What River Is A Major Source Of Hydroelectric Power?

Hydroelectric power is a form of renewable energy that generates electricity by using the natural flow of water. Rivers are an ideal source for hydroelectric power because their flowing water represents a huge amount of kinetic energy that can be harnessed and converted into electricity.

At hydroelectric plants, the force of moving water as it flows downstream is channeled through turbines and generators to produce electricity. Rivers that have steep elevation drops and strong flows are especially good sources of hydroelectric power. Dams are often constructed to control river flows and create reservoirs, allowing hydroelectric plants to generate a stable supply of electricity.

This article will discuss some of the world’s major rivers that are used extensively for hydroelectric power generation, including the Yangtze River in China, the Congo River in Africa, the Paraná River in South America, the Churchill River in Canada, the Columbia River in the United States, the Volta River in Ghana, and the Rhine River in Europe. The scale of hydroelectric development on these rivers demonstrates their enormous potential as renewable energy sources.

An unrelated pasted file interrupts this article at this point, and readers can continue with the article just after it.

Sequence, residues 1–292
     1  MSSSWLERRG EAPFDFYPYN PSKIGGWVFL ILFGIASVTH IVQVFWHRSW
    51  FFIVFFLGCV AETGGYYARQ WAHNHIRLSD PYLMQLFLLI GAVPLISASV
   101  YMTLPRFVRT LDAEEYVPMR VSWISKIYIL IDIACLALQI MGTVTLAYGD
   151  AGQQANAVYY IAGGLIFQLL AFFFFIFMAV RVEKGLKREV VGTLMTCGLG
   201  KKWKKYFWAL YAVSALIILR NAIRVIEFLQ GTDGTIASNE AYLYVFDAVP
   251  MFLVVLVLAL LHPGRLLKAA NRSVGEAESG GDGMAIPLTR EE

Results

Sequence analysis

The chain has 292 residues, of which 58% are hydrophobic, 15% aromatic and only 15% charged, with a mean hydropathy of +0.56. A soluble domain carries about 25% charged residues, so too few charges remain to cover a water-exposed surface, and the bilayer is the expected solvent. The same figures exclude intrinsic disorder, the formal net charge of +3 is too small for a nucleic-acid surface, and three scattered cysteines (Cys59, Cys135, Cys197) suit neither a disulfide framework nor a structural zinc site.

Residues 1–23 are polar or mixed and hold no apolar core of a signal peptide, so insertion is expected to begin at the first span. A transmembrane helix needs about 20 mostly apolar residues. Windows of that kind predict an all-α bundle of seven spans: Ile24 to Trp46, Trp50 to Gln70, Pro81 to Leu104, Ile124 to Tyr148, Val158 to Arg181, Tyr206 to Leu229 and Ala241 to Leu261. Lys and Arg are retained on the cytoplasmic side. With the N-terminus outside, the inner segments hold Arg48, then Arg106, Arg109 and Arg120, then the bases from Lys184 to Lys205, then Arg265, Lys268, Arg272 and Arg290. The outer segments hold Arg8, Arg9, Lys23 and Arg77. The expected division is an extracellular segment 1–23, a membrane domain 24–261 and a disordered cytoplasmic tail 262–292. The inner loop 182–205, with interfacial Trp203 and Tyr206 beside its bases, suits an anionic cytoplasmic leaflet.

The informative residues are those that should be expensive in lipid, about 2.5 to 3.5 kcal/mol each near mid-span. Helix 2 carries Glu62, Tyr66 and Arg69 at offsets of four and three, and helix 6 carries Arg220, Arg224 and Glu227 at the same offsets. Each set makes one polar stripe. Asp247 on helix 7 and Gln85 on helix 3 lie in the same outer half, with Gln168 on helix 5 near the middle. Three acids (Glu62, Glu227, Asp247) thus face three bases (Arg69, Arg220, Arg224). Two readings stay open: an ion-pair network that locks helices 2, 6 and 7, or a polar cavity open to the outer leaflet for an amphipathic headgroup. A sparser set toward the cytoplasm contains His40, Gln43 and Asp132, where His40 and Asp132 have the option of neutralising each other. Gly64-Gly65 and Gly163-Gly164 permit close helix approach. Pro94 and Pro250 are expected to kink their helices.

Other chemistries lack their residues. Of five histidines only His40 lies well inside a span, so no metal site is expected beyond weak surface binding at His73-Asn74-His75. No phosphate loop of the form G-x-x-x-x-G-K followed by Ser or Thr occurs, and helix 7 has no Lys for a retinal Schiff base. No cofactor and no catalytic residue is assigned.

The Yangtze River

The Yangtze River, located in China, is the third longest river in the world stretching over 3,900 miles across the country. The Yangtze River is home to the Three Gorges Dam, the largest hydroelectric power station in the world. According to Britannica, the Three Gorges Dam has a generating capacity of 22,500 megawatts, making it the most productive hydroelectric plant globally. When the dam became fully operational in 2012, it surpassed the Grand Coulee Dam with over three times its generating capacity of 6,809 megawatts.

three gorges dam on the yangtze river

The massive scale of the Three Gorges Dam project on the Yangtze River in China is captured in images from the Earth Observatory. As noted, the dam’s 22,500 megawatt hydroelectric power capacity is unmatched across the globe.

The Congo River

The Congo River, located in Africa, is the second largest river by discharge volume. Originating from the highlands of the East African Rift and draining into the Atlantic Ocean at an immense flow rate, its massive watershed spans across several distinct regions.